In a groundbreaking development, two separate research teams from Stanford University and the University of California, San Francisco, have unveiled remarkable advancements in brain-computer interface (BCI) technology that decode words from a person’s thoughts, specifically targeting individuals who have lost their ability to speak. These BCIs represent a significant leap forward in the field of assistive technology.
The Stanford University team, led by Jaimie Henderson, implanted electrode arrays into the cortex of an ALS patient referred to as “T12” to record neural activity. They then employed a deep-learning model to translate this activity into words, achieving an impressive word decoding rate of 62 words per minute (wpm). This rate is over three times faster than the previous record of 18 wpm, set by the same Stanford research group in their efforts to decode handwriting from neural activity.
Meanwhile, the UC San Francisco team, under the guidance of Edward Chang, took a different approach. They used electrocorticogram (ECoG) electrodes placed on the brain’s surface to capture neural signals related to vocal tract movements, such as lip, tongue, and jaw movements. Their BCI system achieved an even faster word decoding rate of 78 wpm, surpassing the Stanford team’s device and setting a new record that is more than four times faster than previous efforts. Additionally, UC San Francisco’s system can produce both text and audio reconstructions of the user’s intended speech, enhancing the overall communication experience.
While both BCIs fall short of the average speaking rate of approximately 160 wpm, these breakthroughs hold immense promise in assisting individuals with speech disabilities and offer a glimpse into the potential of advanced brain-computer interfaces. Both research teams are actively working to further enhance performance and accuracy by exploring increased electrode counts and improved hardware, with the goal of significantly improving communication options for those in need.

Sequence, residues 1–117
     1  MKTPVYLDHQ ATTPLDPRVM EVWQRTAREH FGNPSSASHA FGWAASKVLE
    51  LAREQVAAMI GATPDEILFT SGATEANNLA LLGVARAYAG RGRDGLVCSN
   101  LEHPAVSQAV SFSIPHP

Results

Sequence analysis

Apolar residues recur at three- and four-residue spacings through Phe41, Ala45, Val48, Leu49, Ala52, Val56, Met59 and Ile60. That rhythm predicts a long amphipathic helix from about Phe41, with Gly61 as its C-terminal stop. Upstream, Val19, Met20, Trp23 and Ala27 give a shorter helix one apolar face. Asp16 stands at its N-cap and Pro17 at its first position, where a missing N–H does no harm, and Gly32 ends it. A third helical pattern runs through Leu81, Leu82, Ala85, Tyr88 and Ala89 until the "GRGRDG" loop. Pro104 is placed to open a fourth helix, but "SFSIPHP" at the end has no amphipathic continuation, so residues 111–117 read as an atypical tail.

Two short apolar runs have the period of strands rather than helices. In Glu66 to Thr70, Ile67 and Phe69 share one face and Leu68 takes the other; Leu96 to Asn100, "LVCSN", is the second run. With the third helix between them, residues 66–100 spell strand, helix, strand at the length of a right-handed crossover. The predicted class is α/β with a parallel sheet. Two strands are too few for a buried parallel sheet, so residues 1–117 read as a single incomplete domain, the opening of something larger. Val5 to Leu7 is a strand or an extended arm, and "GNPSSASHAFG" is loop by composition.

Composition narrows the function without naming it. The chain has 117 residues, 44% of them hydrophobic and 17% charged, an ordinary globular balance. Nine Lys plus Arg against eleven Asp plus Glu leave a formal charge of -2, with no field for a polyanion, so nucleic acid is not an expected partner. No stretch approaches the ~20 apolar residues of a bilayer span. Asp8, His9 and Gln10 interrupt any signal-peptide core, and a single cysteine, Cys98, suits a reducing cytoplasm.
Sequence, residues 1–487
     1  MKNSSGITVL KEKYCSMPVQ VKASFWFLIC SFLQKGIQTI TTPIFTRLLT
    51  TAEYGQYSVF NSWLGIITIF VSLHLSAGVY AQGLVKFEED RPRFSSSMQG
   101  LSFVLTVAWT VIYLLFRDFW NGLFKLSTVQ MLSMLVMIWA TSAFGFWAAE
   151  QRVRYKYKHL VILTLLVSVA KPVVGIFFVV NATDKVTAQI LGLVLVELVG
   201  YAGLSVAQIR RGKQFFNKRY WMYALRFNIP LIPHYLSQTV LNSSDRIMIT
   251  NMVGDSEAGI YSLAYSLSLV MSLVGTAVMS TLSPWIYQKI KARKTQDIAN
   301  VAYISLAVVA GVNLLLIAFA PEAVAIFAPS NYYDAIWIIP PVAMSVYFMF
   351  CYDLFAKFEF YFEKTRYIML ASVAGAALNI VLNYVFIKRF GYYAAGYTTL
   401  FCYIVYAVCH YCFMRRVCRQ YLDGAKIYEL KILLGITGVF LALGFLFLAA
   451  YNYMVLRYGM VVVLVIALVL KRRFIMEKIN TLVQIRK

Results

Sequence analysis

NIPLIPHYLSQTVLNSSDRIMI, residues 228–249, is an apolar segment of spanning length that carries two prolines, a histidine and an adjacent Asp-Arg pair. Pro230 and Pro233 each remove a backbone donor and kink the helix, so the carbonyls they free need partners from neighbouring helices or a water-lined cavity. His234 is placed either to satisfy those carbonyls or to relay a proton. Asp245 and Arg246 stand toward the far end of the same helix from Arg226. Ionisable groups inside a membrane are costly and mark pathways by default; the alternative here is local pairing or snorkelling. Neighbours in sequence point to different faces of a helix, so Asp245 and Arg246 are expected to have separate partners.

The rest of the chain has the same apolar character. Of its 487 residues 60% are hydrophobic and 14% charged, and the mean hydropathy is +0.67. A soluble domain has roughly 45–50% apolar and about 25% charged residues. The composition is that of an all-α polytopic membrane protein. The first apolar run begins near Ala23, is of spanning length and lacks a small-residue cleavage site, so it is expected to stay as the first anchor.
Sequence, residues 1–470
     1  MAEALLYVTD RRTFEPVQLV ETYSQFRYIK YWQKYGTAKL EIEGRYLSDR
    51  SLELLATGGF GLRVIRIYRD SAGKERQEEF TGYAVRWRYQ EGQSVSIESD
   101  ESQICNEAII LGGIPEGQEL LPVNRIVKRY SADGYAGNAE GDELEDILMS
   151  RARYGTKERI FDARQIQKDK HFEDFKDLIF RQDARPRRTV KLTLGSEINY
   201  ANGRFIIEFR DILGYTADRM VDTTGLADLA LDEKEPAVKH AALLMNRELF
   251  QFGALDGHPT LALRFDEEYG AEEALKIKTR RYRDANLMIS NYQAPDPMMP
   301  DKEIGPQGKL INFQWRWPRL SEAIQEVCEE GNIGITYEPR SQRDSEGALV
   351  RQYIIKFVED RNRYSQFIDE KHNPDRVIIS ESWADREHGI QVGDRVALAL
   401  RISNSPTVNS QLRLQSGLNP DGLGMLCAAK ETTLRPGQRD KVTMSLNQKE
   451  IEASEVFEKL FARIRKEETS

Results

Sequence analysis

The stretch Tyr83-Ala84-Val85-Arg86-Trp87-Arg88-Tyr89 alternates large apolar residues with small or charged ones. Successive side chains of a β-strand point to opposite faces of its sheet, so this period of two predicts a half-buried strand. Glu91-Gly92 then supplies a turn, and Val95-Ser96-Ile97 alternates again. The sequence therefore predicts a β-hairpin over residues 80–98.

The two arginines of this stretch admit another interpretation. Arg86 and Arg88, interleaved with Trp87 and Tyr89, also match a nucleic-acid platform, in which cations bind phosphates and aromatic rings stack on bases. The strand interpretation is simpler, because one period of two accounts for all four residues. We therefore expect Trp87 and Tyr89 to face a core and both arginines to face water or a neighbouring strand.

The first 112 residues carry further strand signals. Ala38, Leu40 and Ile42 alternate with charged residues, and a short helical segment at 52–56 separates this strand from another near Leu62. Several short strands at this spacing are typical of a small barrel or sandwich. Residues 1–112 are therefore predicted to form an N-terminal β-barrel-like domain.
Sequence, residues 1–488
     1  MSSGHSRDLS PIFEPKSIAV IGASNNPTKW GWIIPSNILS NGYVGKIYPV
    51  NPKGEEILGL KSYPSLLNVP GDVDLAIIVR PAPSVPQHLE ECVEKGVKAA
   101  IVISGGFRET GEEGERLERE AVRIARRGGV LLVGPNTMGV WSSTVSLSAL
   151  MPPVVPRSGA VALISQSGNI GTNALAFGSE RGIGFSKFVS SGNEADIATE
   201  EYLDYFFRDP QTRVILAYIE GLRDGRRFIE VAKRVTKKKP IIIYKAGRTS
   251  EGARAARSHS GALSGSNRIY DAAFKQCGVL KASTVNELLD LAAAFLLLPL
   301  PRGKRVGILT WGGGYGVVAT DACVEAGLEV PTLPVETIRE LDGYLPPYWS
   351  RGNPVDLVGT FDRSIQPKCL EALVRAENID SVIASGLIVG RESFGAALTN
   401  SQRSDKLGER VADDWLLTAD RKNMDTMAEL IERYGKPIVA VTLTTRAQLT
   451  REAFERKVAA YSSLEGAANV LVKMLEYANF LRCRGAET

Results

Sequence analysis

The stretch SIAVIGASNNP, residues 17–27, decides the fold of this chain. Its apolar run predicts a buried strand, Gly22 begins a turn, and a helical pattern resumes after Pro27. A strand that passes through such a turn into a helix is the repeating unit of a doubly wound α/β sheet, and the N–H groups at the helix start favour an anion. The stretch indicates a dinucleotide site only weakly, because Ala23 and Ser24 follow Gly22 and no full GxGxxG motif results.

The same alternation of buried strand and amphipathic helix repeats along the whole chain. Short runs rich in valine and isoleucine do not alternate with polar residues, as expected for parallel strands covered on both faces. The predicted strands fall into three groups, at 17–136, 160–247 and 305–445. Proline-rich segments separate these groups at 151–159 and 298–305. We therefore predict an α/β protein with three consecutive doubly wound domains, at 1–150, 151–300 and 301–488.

Brain Decoding for Communication
Ann, the person featured in the video above, developed locked-in syndrome after suffering a stroke at the age of 30. Despite having no clear cause for the stroke, she has persevered for 18 years. Her story highlights the need for technology that can empower individuals with disabilities. Ann envisions using the technology not only for personal communication but also to become a counselor and work with others. The personalized avatar and synthesized speech can open up new possibilities for individuals with disabilities. The UC San Fransisco team’s goal is to develop technologies that better support individuals with disabilities, enabling their inclusion in the workforce. They hope that their work will be a stepping stone to realizing the full potential of those who have lost the ability to communicate.